The Luxury of Being Anti-Social

I don’t have that luxury.

Was my reply to Mom’s announcement she was considering closing her Facebook account. “Of course you do!” was her response.

On the surface, she’s not entirely wrong. I can absolutely close my account. It has not replaced my interactions with my friends and family, although sharing family photos would require some rejiggering on my part. But that wasn’t really what I was referencing.

At the time, my cousin’s teenage daughter was living with my parents. My mom really only used her Facebook account to monitor her activity, but because she wasn’t a regular user my mom did not have the tools to fully understand what my cousin’s daughter was doing. Over time, the Facebook activity became such a bone of contention between the two that my mom eventually banned her from Facebook.

As you may have guessed, this strategy wasn’t exactly successful.

I adore my mom. She’s incredible and I often call her Super Grammy. Although there is an alarming and growing trend of grandparents rearing children, to take on your niece’s teenage daughter is matter for sainthood. On top of that, she’s there 100% for me with my children as well. Vomiting kid? No problem, get your hiney to work and I’ll mop up. You’re sick? Let me bring you some soup. Need a night out? Send the kids over, I can handle it.

On top of that, my mom is incredibly intelligent and tech savvy. She was the one to teach me DOS and introduce me to computers. She’s still the only one at her house that can setup and program their entertainment centers. She was the first to adopt ebooks in our family and the first among us to use online banking and shopping.

So let me make this exceptionally clear. Her problem with Facebook isn’t lack of smarts, caring or knowledge – it is lack of use.

First, without regular usage, Super Grammy was unaware that you could disable posts, pictures and your wall from people you still had friended. She didn’t know that she wasn’t seeing a complete picture and she didn’t know how to limit or control it.

Second, it’s impossible to model good social networking behavior if you don’t use the services. Until you’ve made a few online blunders yourself, it’s difficult to anticipate the specific problems, bullying and arguments that can arise from these platforms.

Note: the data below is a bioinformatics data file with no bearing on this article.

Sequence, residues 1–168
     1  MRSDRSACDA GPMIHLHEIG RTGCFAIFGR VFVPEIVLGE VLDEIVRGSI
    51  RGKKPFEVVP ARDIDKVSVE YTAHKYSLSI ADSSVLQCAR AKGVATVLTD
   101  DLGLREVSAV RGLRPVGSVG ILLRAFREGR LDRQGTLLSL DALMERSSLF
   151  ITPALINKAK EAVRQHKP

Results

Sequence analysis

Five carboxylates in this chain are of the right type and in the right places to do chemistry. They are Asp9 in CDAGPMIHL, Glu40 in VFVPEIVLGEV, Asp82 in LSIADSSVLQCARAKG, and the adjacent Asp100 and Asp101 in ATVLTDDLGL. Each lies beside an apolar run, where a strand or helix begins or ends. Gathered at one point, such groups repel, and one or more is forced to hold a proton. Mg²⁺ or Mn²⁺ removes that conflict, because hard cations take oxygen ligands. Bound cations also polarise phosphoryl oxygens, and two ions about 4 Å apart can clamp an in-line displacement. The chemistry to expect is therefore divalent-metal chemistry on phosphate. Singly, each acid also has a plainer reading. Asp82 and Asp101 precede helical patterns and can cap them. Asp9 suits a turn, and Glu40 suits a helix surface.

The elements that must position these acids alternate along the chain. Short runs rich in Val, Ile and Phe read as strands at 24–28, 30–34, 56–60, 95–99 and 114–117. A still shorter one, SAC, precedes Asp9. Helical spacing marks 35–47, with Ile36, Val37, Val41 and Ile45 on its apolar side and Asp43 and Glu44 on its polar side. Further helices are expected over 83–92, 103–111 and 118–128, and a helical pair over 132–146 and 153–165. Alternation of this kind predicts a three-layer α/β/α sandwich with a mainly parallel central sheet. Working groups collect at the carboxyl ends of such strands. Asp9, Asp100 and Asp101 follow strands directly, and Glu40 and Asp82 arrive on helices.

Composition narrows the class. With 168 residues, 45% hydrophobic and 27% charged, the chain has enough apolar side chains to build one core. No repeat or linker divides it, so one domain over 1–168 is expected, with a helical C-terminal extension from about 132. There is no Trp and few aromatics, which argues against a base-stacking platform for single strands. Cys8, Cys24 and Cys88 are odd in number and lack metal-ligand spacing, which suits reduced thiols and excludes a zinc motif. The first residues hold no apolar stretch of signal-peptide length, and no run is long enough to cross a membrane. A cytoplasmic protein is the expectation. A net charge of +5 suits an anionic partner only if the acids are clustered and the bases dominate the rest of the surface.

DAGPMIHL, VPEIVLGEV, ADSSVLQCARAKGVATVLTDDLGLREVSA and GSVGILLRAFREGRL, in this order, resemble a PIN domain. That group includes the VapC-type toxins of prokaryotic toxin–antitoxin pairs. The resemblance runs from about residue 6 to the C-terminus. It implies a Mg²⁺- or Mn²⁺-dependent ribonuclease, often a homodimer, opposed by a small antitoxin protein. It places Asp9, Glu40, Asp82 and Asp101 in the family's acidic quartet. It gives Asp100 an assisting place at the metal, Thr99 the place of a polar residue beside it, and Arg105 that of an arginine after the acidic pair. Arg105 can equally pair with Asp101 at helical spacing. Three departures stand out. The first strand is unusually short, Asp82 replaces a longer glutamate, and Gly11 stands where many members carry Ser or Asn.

With the increase in frictionless sharing and interconnectivity it’s imperative that I remain fluent in the digital biosphere.  I’ve made a few of my own blunders and I’m learning how to mentor and model best social networking practices.

Frictionless sharing is the single most irritating part of Facebook and what almost had me quit. As the Maid of Honor in one of my best friend’s weddings, I was using Pinterest to explore all facets of wedding planning. Although I’d disabled the app from posting to my Timeline it managed to sneak back. Multiple inquiries about my upcoming nuptials had me steaming.

A small mishap like that one could really translate into major problems for the novice user. Unfortunately, this technology is changing at a pace that even the most seasoned social networker has trouble staying afloat. I will simply be an ineffective instructor for my children if I don’t keep my account, actively use it and seek out the newest changes each and every time.

My children are still young and they haven’t yet begun with Facebook  but I certainly see it glinting at me over the horizon.

What are your thoughts? How do you manage your children’s online social networking? What’s worked? What hasn’t?

  1. I’d probably just install a keylogger on the comp my kid used. Then I’d know exactly what she was doing.

    No issues with it now, though, since she’s only six lol

    • Anonymous
    • March 14th, 2012

    I remeber when computers used to run on DOS. As a matter of fact, when I went to college there was no Windows

    • Derek
    • March 14th, 2012

    I quit Facebook rather hastily when I joined Google+, but I don’t think it really affected me or any relationships with anyone because I never really used it. I use Google+ much more than I ever did Facebook.

    As far as monitoring my children’s social networking, only two of my kids are young enough to need monitoring, considering the two boys who use social media are 18 and 16. The eldest could care less for all of it and treats it more as a way to make snarky comments about his life, where the younger of the two is a bit more involved. We’ve moved quite alot over his life and a social media connection is the easiest way for him to stay in contact with his friends from our stops along the way. I don’t really monitor his usage, but on occasion I will force him to go through everything (texts, emails, social media) and answer for anything I have a concern about. I think with that looming, he behaves himself for the most part and does only things I would have expected of myself if I’d had these things available in my youth.

  2. i tend to think that it doesn’t take that much for you to be able to monitor your kid on a social network. as in, you don’t need to know every single in and out of fb usage and fb policies in order to use it as a tool to monitor your kid. if you know how to get an account, click on your kid’s profile, then that’s enough of a connection.

    sure, the kid can learn to and implement some privacy settings to block you from stuff, but if the kid gets to that point with Important Things, then that’s an issue whose solution has nothing to do with keeping up with social networking; to me that’s more of a direct communication and level of trust and understanding that you have with your kid and your kid has with you.

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